DNG 1.4 Specification Notes

I’ve received a number of questions about what’s new in the DNG 1.4 specification that we posted earlier this week.  If you’re not comfortable diving into the 101 page document, here’s a quick summary with a few of the potential implications of the new enhancements to the file format.  [Please note that this content is an adaptation of a presentation created by Thomas Knoll, co-creator of Photoshop and creator of Adobe Camera Raw and the DNG file format.]  Before we dig into the new changes I think it’s worth looking at the history of DNG format innovations:

DNG Revision History

DNG Version 1.0 – September 2004

  • Initial Release

DNG Version 1.1 – February 2005

  • Preserving Masked Pixels

DNG Version 1.2 – April 2008

  • Camera Profiles (See also, DNG Profile Editor)

DNG Version 1.3 – June 2009

  • Opcodes (e.g. Lens Corrections)

DNG Version 1.4 – October 2012

  • Default User Crop
  • Transparency
  • Floating Point (HDR)
  • Lossy Compression
  • Proxies

 

Default User Crop

Many cameras have aspect ratio crop modes, e.g. 4:3 or 16:9, yet still save the entire sensor image to the raw file.  In the image below you can see that the raw file contains the entire black area within both of the camera’s crop modes.  The new tags allows the crop setting to be respected but to also allow the customer to “un-crop” the image to see the entire sensor area.  (See the new DNG Recover Edges Plug-in for Lightroom on Adobe Labs to “un-crop” a DNG file: http://labs.adobe.com/technologies/lightroomplugins/)

 

Transparency

When images are “stitched together” in an alignment process or panorama process the resulting image could have “undefined” pixels around the edges.  The new specification update now allows for those undefined areas to exist in a raw file format.

 

Floating Point (HDR)

HDR images have a high dynamic range that will not fit into a 16-bit linear integer encoding.  Floating point storage of information allows for a larger amount of dynamic range to be stored within a file:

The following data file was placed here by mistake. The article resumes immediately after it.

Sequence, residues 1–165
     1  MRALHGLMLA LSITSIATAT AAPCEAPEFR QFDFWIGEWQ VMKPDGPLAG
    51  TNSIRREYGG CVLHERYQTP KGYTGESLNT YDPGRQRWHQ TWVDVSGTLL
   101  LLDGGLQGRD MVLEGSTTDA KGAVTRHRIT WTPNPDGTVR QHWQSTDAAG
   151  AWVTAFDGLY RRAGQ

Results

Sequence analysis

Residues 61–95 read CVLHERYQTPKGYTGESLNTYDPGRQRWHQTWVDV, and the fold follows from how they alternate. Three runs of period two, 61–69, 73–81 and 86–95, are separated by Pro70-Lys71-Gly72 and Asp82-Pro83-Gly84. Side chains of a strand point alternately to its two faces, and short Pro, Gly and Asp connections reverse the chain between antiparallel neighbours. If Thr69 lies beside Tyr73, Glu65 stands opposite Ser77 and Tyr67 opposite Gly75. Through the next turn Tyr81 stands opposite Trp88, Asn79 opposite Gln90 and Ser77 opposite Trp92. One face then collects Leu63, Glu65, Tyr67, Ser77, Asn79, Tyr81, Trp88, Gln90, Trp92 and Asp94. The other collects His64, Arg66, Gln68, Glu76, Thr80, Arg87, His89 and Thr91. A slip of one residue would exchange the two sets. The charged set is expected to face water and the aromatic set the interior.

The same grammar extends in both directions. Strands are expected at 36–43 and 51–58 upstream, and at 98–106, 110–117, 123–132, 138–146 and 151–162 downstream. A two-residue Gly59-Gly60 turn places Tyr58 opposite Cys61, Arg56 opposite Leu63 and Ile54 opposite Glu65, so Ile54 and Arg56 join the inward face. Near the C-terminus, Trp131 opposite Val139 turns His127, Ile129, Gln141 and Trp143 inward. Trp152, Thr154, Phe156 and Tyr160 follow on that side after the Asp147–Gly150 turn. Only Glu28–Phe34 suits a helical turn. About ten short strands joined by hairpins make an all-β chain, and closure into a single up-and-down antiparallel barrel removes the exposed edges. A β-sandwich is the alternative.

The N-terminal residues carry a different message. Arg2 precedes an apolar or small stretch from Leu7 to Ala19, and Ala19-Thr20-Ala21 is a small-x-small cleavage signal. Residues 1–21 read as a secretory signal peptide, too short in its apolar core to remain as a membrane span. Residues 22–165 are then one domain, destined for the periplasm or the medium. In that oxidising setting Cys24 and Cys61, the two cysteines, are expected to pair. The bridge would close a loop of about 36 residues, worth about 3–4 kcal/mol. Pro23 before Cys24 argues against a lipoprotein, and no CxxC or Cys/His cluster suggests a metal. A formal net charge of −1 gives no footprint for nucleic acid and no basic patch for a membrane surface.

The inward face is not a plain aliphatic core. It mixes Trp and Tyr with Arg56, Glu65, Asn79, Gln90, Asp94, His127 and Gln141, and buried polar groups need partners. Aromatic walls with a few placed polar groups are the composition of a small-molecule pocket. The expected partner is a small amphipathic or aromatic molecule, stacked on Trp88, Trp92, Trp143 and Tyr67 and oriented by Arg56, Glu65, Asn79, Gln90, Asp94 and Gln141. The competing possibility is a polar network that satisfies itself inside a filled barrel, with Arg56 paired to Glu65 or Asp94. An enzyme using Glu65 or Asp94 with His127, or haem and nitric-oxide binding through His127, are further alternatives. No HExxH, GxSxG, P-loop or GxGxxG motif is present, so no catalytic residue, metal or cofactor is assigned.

• 16-bit integer data can only store 16 f-stops of image detail.
  • 16-bit floating point data can store over 30 f-stops of image detail.
  • 32-bit floating point data can store hundreds of f-stops of image detail.

Lossy Compression

The current tradeoff in image quality and file size between a DNG and JPEG file:

A lossy compressed DNG file is much smaller but maintains the flexibility of raw data:

DNG Proxies combine the ability to utilize lossy compression with downsampling.

Summary

These new features to the DNG file format are exciting imaging advances that enable numerous workflow opportunities.

14 Responses to DNG 1.4 Specification Notes

  1. xulsolar says:

    When is the implementation going to be available in PS 6 and LR 4?Thanks

  2. RickF says:

    Nice overview! I guess we’ll have to wait to get this integrated with our favorite photo apps!

  3. Hi Tom,
    Will the makernote data finally be stored? And if not, why not? Adobe is a leader in archiving information, yet no Adobe software maintains the critical makernote data when exporting or saving files (please correct me if I am wrong). Even if Adobe chooses not do display the makernote data, why not maintain it for others down the chain?

    I look forward to your response. Keep up the great work :>)

    Michael

  4. Neil Smith says:

    Very cool … just wondering if Adobe has any plans to incorporate the ‘lossy compression’ algorithm into the .cinemaDNG codec? … would be very useful to be able to record compressed RAW in cameras like the Blackmagic cinema camera?